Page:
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Volume 23 No. 13
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BNP Paribas’ pullout results in a shutdown of the Showdown

The BNP Paribas Showdown returned big-time tennis to Madison Square Garden.
The decade-long run of the BNP Paribas Showdown at Madison Square Garden is over after the French bank pulled out as title sponsor. The one-night March exhibition, televised on ESPN or streamed on ESPN3, often filled most of the arena and featured top stars such as Roger Federer and Serena Williams.

“After ten successful years hosting the BNP Paribas Showdown, we will be focusing on a new tennis event in 2018, details of which will be announced at a later date,” MSG said in a statement.

Jerry Solomon, founder of StarGames, the promoter of the event, did not reply for comment. But a source said that when BNP decided not to continue with the sponsorship, it became too difficult to find a replacement. The bank entertained more than 500 clients the night of the match and paid in the low seven figures for the sponsorship.

BNP, a big sponsor in tennis, is in negotiations to renew its title sponsorship of the BNP Paribas Open in Indian Wells, Calif. The bank did not immediately reply for comment.

IBM’s Watson looks for fist pumps and listens for crowd noise to create match highlights
Sources said MSG is in talks with Tie Break Tens, a new initiative to play only tennis tie breaks. The format has been tried in Europe. A spokeswoman for the company promoting the format did not reply for comment.

MSG once hosted the ATP and WTA Championships, and was at that time seen as a premier spot to host tennis. The BNP Showdown revived the sense that tennis in midtown Manhattan still could be a hot property, if only for a one-night exhibition.

>  THE AI CONNECTION: The U.S. Open’s renewal of its IBM sponsorship, announced last week, may be the first in sports where artificial intelligence is one of if not the primary driving forces. IBM is using AI to run the question-and-answer section of the U.S. Open app, and using it to curate highlights. As many as 1,000 highlights posted across social media by the Open this fortnight will be generated by IBM’s AI technology, which learns from crowd noise, points graphics and other elements when there is a highlight.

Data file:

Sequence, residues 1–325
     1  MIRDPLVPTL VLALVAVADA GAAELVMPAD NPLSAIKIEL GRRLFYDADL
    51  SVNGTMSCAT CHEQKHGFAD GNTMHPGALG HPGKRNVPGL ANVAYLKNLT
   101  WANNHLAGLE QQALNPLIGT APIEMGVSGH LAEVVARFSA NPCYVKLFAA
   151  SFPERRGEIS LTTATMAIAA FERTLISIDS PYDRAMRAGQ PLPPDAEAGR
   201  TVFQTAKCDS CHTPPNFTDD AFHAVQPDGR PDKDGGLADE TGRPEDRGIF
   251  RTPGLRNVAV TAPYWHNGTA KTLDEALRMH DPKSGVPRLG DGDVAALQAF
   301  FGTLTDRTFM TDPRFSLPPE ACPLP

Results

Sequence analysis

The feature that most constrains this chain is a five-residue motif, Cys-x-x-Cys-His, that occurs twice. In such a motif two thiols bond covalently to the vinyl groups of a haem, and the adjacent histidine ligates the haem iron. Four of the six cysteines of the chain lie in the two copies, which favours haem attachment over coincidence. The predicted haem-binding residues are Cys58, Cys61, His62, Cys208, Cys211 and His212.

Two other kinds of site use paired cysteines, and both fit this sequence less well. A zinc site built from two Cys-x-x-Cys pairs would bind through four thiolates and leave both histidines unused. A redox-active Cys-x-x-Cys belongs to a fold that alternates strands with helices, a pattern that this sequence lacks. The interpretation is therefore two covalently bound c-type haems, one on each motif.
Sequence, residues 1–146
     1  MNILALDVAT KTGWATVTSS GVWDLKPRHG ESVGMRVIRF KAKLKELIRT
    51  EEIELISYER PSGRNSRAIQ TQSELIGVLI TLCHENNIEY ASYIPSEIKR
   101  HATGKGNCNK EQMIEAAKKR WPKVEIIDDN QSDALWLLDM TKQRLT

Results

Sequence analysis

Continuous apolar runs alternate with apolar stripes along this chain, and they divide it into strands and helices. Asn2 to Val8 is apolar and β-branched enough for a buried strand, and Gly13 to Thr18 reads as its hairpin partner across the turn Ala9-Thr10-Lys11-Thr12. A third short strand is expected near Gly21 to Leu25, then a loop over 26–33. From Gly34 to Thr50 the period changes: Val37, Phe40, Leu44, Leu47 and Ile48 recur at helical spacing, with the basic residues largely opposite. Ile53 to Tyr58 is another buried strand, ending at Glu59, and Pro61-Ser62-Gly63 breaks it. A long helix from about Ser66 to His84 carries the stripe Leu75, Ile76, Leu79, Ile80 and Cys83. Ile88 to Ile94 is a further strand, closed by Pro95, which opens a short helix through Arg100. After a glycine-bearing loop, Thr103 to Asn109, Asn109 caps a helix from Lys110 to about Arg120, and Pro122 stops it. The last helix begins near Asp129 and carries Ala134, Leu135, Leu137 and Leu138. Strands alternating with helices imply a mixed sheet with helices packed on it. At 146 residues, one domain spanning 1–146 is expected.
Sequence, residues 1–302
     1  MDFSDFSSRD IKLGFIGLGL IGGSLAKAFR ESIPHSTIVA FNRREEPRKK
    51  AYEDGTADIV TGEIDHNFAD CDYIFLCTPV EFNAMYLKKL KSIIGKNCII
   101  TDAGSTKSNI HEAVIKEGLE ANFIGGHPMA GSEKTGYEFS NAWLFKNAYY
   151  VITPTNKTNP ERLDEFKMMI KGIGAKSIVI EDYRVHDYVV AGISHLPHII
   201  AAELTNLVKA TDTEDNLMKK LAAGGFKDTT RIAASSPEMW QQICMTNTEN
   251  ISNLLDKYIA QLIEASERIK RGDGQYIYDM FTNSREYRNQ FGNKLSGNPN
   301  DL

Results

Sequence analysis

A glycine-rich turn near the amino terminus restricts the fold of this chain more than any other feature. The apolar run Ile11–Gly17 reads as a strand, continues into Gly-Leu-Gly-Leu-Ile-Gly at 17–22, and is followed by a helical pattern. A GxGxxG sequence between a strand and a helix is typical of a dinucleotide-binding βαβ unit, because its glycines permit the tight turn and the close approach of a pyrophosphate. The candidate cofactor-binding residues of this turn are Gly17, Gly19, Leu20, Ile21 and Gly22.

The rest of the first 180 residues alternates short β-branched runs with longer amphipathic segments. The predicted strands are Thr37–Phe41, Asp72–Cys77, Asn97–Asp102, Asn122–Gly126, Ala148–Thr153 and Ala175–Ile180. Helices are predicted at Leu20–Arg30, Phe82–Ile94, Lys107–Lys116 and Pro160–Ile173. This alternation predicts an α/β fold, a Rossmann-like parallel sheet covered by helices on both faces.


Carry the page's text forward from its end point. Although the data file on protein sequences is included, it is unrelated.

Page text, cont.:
“Who could ever think a system could learn a sport, learn what a fist pump looks like, can listen for the sounds, can read the scoring graphics and actually make sense of those,” said Noah Syken, vice president of global sponsorships and client programs.

IBM is also at the beginning stage of integrating AI into the USTA’s player performance unit at the group’s Lake Nona center in Orlando.

“The notion of machine learning for athletes — Who do you play like? What are the characteristics of your play, not only the characteristic of your play on the court but what are your personality characteristics off the court?” Syken said. “Are you an aggressive person, all those kinds of things. We think there is an opportunity to develop groupings of people, understand those characteristics and help folks train, develop training regimens that are suited to their personality types.”

IBM also integrated AI into a “cognitive” photo booth on site at the Open, which takes responses from fans and tells them what kind of personality they are.

American Express also infused one of its activations with what could be described as AI-light. Its “air tennis” on site allowed fans with their hands to compete against a virtual machine opponent.

Emma Stone, as Billie Jean King in “Battle of the Sexes,” is set to attend the women’s final.
At first AmEx described the technology as AI, but then said the technology is programmed and cannot learn like IBM’s technology, later changing the description to “virtual.” Either way, hundreds of thousands of fans are expected to play air tennis at the event. AmEx’s activation is handled by Momentum, and is annually one of the highest regarded in sports. Even if it didn’t have real AI, the 20,000-square-foot space had courts for kids to play on and a two-story card member lounge, which Venus Williams’ V Starr Interiors designed.

>  LOBS: StarWing Sports signed Kyle Edmund, one of Britain’s top players. He had been with WME-IMG. … He may have been knocked out in qualifying, but Noah Rubin, who trains at the nearby John McEnroe Tennis Academy, signed an endorsement deal with apparel startup Uomo Sport, which was represented by Gerard Fox Law. Rubin is repped by Lagardère. … This week the U.S. Tennis Association is hosting a news conference to promote the coming “Battle of the Sexes” movie. Emma Stone, who plays Billie Jean King, is scheduled to attend the news conference and the women’s final later that day. … Tennis agents usually sit in prime seats near the court. For Maria Sharapova’s second match, in cavernous Arthur Ashe Stadium, her agent, Max Eisenbud, was spotted in the upper row of the upper deck. Emailed about his distant perch he responded, presumably tongue in cheek, he liked to be alone and passed along his well wishes. … A court hearing is set this week in Brooklyn in Eugenie Bouchard’s now 2-year-old lawsuit against the USTA for her locker-room fall at the 2015 Open.